Asymmetry switched in snail

Scientists have found a new way to manipulate the direction of snail shell coiling, altering the animal's left-right asymmetry. The research, published linkurl:online;http://www.nature.com/nature/journal/vaop/ncurrent/index.html today (November 25) in Nature, may offer clues as to how "handedness" develops in invertebrates, which could improve scientists' understanding of the mechanics that drive cell regeneration and embryonic development. 'Left-handed' and 'right-handed' shells of L. stagnali

Katherine Bagley
Nov 24, 2009
Scientists have found a new way to manipulate the direction of snail shell coiling, altering the animal's left-right asymmetry. The research, published linkurl:online;http://www.nature.com/nature/journal/vaop/ncurrent/index.html today (November 25) in Nature, may offer clues as to how "handedness" develops in invertebrates, which could improve scientists' understanding of the mechanics that drive cell regeneration and embryonic development.
'Left-handed' and 'right-handed'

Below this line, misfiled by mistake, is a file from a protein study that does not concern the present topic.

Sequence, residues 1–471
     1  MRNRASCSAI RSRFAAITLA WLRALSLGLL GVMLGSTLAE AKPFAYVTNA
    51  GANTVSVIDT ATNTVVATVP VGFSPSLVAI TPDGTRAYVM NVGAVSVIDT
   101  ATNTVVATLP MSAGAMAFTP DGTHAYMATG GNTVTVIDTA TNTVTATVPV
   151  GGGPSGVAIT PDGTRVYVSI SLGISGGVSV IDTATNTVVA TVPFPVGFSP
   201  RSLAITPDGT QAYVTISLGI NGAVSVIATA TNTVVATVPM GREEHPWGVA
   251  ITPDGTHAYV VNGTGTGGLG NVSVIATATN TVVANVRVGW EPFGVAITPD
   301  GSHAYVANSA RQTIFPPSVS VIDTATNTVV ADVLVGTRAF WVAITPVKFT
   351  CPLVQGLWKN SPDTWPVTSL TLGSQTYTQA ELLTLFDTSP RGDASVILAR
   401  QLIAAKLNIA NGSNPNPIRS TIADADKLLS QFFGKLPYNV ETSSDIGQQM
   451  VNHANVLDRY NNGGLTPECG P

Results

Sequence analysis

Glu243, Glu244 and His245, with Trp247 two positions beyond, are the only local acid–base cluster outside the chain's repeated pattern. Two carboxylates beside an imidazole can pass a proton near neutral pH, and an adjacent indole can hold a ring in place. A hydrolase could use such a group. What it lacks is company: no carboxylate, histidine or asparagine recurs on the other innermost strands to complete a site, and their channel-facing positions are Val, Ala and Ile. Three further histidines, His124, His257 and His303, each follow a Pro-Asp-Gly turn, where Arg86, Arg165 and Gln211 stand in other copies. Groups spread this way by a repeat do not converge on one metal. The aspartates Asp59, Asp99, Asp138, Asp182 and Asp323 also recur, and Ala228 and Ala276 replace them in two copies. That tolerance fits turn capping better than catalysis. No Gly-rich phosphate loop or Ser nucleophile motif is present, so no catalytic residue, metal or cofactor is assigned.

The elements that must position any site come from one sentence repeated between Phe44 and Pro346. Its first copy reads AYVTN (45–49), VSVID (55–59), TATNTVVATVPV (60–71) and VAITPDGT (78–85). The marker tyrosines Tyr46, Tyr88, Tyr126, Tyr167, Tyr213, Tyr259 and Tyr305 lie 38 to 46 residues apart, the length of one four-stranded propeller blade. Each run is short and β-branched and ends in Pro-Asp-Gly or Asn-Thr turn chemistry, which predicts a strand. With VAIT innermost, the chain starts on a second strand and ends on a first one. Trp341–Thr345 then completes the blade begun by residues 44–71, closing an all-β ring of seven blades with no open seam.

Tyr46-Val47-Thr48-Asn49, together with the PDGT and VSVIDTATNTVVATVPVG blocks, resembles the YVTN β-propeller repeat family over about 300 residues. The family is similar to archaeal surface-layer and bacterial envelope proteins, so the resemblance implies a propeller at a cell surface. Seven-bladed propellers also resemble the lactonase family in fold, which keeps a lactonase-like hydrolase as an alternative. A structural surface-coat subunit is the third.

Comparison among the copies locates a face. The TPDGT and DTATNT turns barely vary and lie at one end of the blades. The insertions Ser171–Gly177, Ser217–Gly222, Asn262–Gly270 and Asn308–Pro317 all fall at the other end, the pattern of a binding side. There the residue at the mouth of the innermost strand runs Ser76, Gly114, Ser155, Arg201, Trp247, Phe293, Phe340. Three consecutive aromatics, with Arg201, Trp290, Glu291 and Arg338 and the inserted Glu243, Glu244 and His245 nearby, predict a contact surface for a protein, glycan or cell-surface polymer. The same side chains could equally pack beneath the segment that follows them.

shells of L. stagnalis

Image: Kuroda laboratory
"This paper illustrates how chirality" -- the inability of a structure to be superimposed on its mirror image -- "arises," said linkurl:Michael Levin,;http://ase.tufts.edu/faculty-guide/fac/mlevin11.biology.htm a developmental biologist at Tufts University, who was not involved in the study. This new research, he said, shows that snails are a useful way to track early embryonic-stage signaling for handedness. The left-right asymmetry of an animal's internal organs and physical appearance are important evolutionary traits that often make tasks easier, such as an owl's unbalanced ears for better hearing, but researchers...
Lymnaea stagnalis



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